The administration of Mayor Eric Adams recently released a plan to address housing issues in New York City . It is called “Housing Our Neighbors: A Blueprint for Housing and Homelessness”. The document is nearly 100 pages long, so every aspect of the plan cannot be covered here. However, this article will attempt to discuss major parts of the plan that deal with rental housing.
Source of income discrimination
The plan calls for the City to aggressively enforce laws against source of income discrimination. This is where landlords refuse to accept renters using vouchers or other forms of public assistance to pay their rent, or where landlords give preference to renters who do not use these sources for rent payment. Source of income discrimination has generally been illegal in New York City since 2008.
The City will step up its enforcement of its source of income rules, including by “testing”. This is where the City sends out people who pose as renters to see if they are treated differently by landlords depending on how they intend to pay their rent. The City pledges to “make an example of” landlords who discriminate.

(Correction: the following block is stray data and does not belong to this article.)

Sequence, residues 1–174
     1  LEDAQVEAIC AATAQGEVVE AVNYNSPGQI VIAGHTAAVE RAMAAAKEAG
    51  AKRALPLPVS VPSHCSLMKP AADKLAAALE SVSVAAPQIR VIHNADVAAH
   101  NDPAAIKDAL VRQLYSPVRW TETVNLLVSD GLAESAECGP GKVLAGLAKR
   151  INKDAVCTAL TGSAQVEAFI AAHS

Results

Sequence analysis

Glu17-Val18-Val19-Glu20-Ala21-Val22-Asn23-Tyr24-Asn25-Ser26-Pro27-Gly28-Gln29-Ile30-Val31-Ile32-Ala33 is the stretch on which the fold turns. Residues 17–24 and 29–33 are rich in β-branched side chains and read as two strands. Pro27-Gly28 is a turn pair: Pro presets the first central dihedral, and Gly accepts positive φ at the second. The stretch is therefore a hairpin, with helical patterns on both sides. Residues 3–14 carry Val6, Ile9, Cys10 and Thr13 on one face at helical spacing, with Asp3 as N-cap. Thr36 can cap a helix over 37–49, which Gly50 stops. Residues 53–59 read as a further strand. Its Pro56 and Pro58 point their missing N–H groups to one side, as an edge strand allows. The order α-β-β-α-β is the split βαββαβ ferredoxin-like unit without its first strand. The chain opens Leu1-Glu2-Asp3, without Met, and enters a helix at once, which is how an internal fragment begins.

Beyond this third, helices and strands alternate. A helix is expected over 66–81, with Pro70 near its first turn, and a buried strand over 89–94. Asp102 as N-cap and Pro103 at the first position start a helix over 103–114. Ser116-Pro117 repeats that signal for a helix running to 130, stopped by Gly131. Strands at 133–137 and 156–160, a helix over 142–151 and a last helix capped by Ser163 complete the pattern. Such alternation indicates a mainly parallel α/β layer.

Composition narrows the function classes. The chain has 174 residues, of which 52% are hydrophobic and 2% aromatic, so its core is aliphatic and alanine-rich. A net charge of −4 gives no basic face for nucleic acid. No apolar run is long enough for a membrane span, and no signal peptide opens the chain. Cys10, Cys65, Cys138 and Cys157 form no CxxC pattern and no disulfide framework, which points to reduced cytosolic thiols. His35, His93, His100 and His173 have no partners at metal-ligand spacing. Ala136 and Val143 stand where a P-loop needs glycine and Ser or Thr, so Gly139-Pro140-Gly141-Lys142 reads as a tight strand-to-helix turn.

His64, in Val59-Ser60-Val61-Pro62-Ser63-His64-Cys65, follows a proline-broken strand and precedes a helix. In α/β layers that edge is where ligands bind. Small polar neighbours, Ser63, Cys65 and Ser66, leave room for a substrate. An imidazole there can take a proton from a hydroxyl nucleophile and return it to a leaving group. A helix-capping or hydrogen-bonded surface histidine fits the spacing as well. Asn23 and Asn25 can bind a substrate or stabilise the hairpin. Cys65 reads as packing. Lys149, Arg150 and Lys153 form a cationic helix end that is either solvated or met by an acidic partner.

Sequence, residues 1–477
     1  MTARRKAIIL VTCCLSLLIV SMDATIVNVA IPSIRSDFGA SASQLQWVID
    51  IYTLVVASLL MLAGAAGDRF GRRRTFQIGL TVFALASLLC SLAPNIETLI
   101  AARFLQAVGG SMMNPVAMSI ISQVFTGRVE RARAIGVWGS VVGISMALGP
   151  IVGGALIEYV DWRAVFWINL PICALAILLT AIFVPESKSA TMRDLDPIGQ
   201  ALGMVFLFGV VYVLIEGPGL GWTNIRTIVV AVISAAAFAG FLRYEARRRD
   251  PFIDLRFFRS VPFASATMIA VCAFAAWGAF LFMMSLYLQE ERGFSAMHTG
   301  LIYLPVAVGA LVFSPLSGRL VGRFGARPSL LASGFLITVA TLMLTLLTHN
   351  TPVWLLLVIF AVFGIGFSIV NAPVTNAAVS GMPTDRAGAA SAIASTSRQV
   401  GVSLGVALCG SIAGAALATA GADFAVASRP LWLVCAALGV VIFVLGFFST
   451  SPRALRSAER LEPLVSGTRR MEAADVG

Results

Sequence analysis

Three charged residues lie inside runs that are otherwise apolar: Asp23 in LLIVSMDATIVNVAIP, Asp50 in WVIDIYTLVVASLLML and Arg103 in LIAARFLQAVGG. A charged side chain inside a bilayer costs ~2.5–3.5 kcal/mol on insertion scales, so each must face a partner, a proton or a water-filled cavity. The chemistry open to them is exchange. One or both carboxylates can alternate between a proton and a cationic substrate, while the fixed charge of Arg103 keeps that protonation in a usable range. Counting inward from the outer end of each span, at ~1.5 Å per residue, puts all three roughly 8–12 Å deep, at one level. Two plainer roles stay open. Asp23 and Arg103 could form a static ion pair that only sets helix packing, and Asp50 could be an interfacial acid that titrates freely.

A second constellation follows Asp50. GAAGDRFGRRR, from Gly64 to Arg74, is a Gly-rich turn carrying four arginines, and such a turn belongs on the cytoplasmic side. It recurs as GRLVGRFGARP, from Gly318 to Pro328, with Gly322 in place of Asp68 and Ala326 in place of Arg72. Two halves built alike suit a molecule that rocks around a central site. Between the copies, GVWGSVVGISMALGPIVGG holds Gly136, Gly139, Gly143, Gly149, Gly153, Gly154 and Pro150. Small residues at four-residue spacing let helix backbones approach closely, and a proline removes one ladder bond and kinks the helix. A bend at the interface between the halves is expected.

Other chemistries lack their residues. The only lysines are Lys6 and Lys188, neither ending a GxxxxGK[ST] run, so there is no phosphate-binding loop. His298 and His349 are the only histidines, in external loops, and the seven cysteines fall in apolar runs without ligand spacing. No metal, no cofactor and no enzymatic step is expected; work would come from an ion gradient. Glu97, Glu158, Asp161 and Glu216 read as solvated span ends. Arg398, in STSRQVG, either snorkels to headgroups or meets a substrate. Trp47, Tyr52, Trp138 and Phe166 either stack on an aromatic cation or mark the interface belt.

Supporting renters with criminal justice histories
Currently, private landlords are not subject to the same rules on accepting residents with criminal records as are New York’s public housing agencies. Mayor Adams will work with the City Council to pass legislation to reduce the ability of landlords to refuse to rent to people with criminal records.
Increasing housing supply
The plan defines a number of aspirational approaches for increasing the supply of housing, but these are not defined in detail in the plan. For example, the plan states, “We will remove unnecessary barriers to development, embrace innovation in new building techniques, and streamline agency processes to seize upon technological advancements that can boost speed and efficiency.” This sounds positive, but how these changes are implemented will be key to whether they make a difference.
The plan calls for every neighborhood to share in the task of providing suitable and affordable housing to New Yorkers. It suggests that the city government will hold the neighborhoods accountable for doing so. How it would do this is not described.
The Mayor plans to: ”pursue a package of zoning and regulatory changes to encourage a wider range of unit sizes and housing types.” His plan posits that the City can encourage additional development by building housing and improving infrastructure and services in neighborhoods with “high needs.” It also plans to build affordable housing in neighborhoods throughout the City.
The Mayor intends to achieve his housing transformation while expanding opportunities for Minority and Woman-owned businesses and non-profit organizations.
The goals of Mayor Adams’ plan are certainly ambitious and wide-ranging. We will be following his progress to see if he is able to make significant improvements to housing in New York City.